The previously inexplicably absent orchestral cueing continues as Gary Powers tests his spy plane over the Caucasus Mountains and is shot down by a Soviet tracking station, cued in the track Ejection Protocol. The music depicts the struggle of the pilot to go through a list of self-destruct instructions as he plummets from 30,000 feet. There are a number of nice touches at the beginning: tremolo strings and balalaikas shuddering away under a wooden flute solo. The string pacing rhythm that follows would feel pedestrian and unremarkable but for the very cool touch of punctuating bass drum and vibraphone bringing a sense of cool deliberation to mix. The stopped horns are great, especially dropped far back in the sound picture. The nice wash of electronic resonance that ends the cue is a perfect use here, as it tails out the saturation of reverb on the acoustic instruments in a “natural” way.
From here, Newman contributes a few cues that are more in line with his signature mix of electronics, piano, and orchestral inserts. They’re still well worth a listen – particularly the tracks “Standing Man,” “Rain,” and “Lt. Gary Francis Powers.” In this last is horror-texture building worthy of Jóhann Jóhannsson’s “Sicario.” It’s a bit heavy-handed by comparison in portraying the sense of isolation and antagonism Powers experiences in the Soviet lockup, but it’s still a very cool cue. Truly orchestral scoring returns at the start of the track “The Article,” with big horns over organ, low brass, and strings in a pedal C. A bit of a comment on the horn sound here and in “Sunlit Silence.” This barking, direct sound is nearly trombone-like in the lower register, but it’s not what I referred to in the Star Wars: The Force Awakens reviews as the “L.A. Horn Sound.” It’s really more squeezed than that, with very little richness of character or teeth. It’s just a straight and dull sound, not something most hornists would aspire to but still what was asked by the character of the cue itself.
There are some great orchestral moments after this. I like the warm, committed string scoring in the track “The Wall,” with a beefy chorale from choir and brass at the end. Strings also transition well between all the floaty electronica in “Gleinicke Bridge.” But for studying nicely-scored pop cinema orchestration, you can’t beat the penultimate track “Homecoming.” I like the teasing parallels to Copland in the opening trumpet, and the intensity of the oboe’s register as an echo. I also though it was cool that Newman avoided a simple string doubling of the reverent piano hymn in the middle – rather, the strings worked in counterpoint at times, and even took the lead toward the end of the episode. This allowed the track to reference the earlier call-and-response with winds and develop it into something more. I felt that in the end, it was great how this track and the film that it capped avoided overarching grandeur and settled for a more straightforward vision of human values – home, self-respect, and human dignity. These principles were all the stronger for not being overblown, though perhaps a more cohesive musical vision would have turned the soundtrack into a true partnership rather than just a musical commentary.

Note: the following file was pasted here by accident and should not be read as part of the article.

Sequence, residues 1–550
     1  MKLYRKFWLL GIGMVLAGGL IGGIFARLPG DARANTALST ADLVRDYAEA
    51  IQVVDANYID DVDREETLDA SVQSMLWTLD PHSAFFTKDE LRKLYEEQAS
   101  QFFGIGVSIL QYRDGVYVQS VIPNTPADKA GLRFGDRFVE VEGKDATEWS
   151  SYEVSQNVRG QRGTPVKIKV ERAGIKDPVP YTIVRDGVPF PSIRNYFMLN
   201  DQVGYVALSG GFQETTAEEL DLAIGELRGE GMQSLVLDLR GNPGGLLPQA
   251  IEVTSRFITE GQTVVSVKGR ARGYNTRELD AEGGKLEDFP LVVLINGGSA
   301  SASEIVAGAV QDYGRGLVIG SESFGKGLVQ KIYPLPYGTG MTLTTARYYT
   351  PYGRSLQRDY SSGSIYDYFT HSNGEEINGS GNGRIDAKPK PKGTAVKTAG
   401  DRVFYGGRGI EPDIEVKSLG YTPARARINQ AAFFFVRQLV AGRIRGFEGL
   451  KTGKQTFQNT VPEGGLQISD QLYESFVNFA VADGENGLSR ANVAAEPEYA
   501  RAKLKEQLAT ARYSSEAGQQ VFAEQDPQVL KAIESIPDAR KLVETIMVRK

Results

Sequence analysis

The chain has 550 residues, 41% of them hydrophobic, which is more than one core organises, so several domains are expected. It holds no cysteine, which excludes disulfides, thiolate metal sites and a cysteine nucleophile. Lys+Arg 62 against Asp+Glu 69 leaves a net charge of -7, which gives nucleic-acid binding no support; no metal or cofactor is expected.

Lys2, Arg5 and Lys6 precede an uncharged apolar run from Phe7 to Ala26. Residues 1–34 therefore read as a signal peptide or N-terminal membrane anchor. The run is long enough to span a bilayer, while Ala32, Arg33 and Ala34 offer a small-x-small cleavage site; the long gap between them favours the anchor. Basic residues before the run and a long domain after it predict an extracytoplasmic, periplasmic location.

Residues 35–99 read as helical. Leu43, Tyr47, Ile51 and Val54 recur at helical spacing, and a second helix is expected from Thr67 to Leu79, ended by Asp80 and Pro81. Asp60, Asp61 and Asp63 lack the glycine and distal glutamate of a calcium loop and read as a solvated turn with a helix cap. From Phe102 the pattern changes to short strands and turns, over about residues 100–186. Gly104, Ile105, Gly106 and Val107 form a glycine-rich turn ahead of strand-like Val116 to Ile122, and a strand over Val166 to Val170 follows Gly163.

Sparse as it was, and as last-minute as the selection of Newman was, the Oscar nomination still happened. But will this 13th nomination open the envelope for Newman this time around? I’ll think about those questions for all the composer in my final review, coming in a day or two. Hope to see you there.